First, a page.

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If you’d told me a year ago that I’d be lusting after a balaclava, I wouldn’t have believed you. There are only two times in my life I’ve ever worn the cozy head covering: paired with a matching red-and-white sweater when I was around a year old, and when I was 15, hurtling down Grouse Mountain on skis towards an unsuspecting beginner’s class. Both times I looked like a literal condom. Which is to say that, in theory, the balaclava would typically be a hard miss for me. But I can’t get it out of (or the desire to have it on) my head.
Dressing like a six-year-old on the playground during recess in January has become this season’s coolest trend. A quick scan of sites like Zara, The Frankie Shop, and Aritzia show that cozy balaclavas are very much in, and more often than not, selling out. They’re popping up on Instagram and on the fall/winter 2021 runways, in street-style photos from a variety of European fashion weeks (which as anyone involved in fashion knows means they’re officially chic), and even on nightclub dance floors (true story from a friend). “Balaclavas are a mix of all the major emerging trends: cozy knitwear, maximalist accessories, and nostalgia dressing,” says Shakaila Forbes-Bell, in-house fashion psychologist for Afterpay, an online installment payment program.
While the trend may be taking over the world, for us Canadians, who spend about eight months of the year shivering, keeping your head warm on your commute or your mid-winter SAD walk just makes sense. Practicality is the reason Marie-Eve Proulx, the owner of Montreal-based brand Odeyalo, started making balaclavas in 2020. She took leftover cotton fabric from the bigger pieces in her lines, like cardigans, and turned them into neck-and-head warmers to help her battle the cold temps (stylishly) while biking and doing outdoor activities like snowshoeing.
“I needed to have something close to my head [for warmth], but I also thought it was an interesting fashion accessory," Proulx tells Refinery29. “I’d seen many balaclavas, for biking especially, but they looked very athletic. I was looking for something a bit thicker and that was versatile so that I could wear a hat over it or I could bring it down and wear it just as a neck warmer.”
Balaclavas are a mix of all the major emerging trends: cozy knitwear, maximalist accessories, and nostalgia dressing.
Shakaila Forbes-Bell, Fashion psychologist
This emphasis on comfort and functionality in fashion is, like many things RN, a large part in thanks to the pandemic. Almost two years at home in sweats means that as we re-enter the world, we’re looking to meld both comfort and style — and recognizing that we can have it all: something stylish that actually keeps us warm. (There’s a reason North Face and Patagonia fleeces are having a moment.) “We’ve seen a global adoption of the athleisure uniform this year and people finding themselves getting into the habit of shopping for what makes them feel good rather than what society has deemed conventionally appropriate,” Forbes-Bell says. “Balaclavas are functional pieces that can be played with to create edgy looks without compromising comfort."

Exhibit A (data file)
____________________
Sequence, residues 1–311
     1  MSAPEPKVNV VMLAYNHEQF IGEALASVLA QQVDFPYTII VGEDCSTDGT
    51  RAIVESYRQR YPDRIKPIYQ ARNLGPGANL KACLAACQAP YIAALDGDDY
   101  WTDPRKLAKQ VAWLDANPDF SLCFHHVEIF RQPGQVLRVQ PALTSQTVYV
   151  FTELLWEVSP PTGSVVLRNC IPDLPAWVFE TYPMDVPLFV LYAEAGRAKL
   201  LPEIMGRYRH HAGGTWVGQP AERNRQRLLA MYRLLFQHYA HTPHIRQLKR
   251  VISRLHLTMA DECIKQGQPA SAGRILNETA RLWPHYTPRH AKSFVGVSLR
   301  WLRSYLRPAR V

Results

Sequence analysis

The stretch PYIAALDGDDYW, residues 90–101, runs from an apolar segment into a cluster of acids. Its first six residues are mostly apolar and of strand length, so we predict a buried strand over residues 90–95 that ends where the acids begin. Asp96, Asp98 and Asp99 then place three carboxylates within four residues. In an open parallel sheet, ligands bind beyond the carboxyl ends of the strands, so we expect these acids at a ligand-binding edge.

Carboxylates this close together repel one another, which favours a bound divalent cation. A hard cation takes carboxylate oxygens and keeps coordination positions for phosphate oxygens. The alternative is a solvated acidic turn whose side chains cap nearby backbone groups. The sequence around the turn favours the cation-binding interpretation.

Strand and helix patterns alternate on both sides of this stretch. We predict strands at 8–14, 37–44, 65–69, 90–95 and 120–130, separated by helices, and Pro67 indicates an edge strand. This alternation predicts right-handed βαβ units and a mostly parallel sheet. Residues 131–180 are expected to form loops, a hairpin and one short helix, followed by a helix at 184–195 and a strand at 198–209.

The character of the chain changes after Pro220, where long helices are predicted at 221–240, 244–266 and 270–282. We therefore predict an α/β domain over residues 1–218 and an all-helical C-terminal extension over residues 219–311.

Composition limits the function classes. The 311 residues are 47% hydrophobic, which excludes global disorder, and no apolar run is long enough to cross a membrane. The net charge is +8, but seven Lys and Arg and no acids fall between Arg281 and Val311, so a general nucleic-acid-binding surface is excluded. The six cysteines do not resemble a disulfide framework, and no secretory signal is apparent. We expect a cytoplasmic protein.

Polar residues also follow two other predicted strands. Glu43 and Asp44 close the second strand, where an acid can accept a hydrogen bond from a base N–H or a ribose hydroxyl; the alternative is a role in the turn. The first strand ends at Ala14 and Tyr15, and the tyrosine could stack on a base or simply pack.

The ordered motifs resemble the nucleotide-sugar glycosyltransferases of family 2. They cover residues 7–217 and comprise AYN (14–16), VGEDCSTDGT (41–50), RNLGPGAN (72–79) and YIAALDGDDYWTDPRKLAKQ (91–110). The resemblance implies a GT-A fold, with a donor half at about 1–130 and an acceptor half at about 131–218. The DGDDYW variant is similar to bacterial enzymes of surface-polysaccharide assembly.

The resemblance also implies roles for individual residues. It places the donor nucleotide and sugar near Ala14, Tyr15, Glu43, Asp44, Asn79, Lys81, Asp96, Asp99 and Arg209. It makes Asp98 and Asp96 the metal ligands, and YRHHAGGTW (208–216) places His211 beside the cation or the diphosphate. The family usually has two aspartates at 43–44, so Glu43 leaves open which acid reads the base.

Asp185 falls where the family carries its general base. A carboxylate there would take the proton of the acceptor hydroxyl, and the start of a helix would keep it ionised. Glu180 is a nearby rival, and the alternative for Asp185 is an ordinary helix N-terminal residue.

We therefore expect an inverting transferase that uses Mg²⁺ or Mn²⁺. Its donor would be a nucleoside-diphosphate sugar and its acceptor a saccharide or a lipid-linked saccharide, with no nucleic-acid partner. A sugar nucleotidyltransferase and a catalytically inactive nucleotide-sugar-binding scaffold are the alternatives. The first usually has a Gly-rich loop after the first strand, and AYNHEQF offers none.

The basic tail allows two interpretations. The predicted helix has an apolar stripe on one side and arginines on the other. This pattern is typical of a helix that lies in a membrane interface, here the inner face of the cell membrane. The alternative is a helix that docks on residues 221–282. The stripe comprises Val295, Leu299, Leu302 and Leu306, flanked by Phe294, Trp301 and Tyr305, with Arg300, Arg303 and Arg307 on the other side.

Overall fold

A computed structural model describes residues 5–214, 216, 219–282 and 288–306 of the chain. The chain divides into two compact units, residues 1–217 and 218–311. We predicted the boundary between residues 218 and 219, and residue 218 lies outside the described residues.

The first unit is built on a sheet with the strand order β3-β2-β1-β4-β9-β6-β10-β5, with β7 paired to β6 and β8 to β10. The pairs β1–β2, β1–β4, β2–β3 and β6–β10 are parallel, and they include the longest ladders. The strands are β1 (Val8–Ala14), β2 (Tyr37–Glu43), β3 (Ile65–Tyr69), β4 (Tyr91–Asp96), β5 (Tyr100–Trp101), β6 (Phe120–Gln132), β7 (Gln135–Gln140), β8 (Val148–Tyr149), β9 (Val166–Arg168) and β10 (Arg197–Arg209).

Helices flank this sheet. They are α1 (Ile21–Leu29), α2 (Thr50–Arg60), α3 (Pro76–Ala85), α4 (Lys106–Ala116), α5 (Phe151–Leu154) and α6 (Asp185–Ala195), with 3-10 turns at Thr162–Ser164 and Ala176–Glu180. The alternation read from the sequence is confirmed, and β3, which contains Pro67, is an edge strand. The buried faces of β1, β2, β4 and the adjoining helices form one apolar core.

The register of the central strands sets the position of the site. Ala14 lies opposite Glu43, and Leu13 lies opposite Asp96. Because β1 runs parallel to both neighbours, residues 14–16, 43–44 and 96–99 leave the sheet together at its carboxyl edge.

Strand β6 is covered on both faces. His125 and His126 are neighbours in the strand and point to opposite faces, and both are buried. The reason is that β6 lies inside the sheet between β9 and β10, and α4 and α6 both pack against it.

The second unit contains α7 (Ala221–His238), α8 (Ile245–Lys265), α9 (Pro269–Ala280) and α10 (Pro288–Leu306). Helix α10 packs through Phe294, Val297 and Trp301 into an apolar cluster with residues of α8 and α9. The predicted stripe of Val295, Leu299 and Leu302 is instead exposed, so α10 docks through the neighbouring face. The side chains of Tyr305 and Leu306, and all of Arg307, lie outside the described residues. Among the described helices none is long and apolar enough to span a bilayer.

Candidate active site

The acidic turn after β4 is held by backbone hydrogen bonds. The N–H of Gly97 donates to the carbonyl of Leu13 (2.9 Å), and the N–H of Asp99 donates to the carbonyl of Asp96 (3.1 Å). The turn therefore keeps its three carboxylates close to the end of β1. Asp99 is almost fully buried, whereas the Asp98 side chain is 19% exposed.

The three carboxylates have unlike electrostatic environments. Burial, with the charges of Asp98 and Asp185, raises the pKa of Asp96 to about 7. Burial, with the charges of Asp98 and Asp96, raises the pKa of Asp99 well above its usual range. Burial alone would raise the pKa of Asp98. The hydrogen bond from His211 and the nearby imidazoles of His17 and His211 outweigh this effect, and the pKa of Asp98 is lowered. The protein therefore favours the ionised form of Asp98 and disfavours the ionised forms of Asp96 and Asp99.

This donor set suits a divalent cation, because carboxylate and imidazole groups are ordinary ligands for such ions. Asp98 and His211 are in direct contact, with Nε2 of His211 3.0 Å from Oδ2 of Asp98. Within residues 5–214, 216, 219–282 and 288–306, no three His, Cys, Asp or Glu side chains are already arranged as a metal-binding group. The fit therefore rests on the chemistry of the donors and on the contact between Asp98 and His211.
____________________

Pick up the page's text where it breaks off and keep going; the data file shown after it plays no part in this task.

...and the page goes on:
Emerging alongside the trend for athleisure post-pandemic is a love of maximalist dressing, tied to a desire to play and experiment with personal style after not being able to. “Maximalist dressing goes hand-in-hand with this push to dress for yourself and experiment with personal style,” Forbes-Bell confirms. This is known as “dopamine dressing.” I’ve written about this before. It’s the psychological lift we get from the clothes we wear and speaks to the idea that often what people choose to put on their bodies helps to fulfill an emotional need.
Which makes sense, especially when I consider my new balaclava obsession. Maybe it’s because people wearing them usually look warm and cozy, or because it reminds me of being a kid and wearing whatever the hell you want, but I'm personally drawn to them because it makes me happy to see people in them — and to think about how I’d style one myself.
And balaclavas do feel like a unique experiment with personal style. While they may be a staple on ski slopes, runways, and in Drill culture, unlike the trickle-down effect of other high-fashion trends like “Bottega Veneta Green,” which can easily and subtly be incorporated into everyday outfits to varying degrees of high-fashion, balaclavas feel extra because they look extra. They’re in your face, literally. And in a time when much of fashion trends are leaning towards less is more (think low-rise jeans and teeny tiny corset tops), topping your look off with extra layers of any kind is a choice.
Plus, they’re a great way to update your winter wardrobe without spending almost $2,000 on that Saks Pott coat. “We have the same coat for years, but if you have this super fun and colourful accessory, it's not a big investment in terms of money and then you get a whole new look,” says Proulx.
Forbes-Bell recommends truly leaning into it and going for a bold colour or print with your balaclava, something that’ll stand out and can be styled with all neutrals (I’m particularly in love with this yellow one from Odeyalo that reminds me of a literal beam of sunshine). I haven’t purchase a balaclava of my own, but chances are that when I do, I’ll most likely, once again, look like a condom. The only difference this time? In the spirit of post-pandemic, dress-for-yourself, dopamine dressing: I really won’t give a shit.
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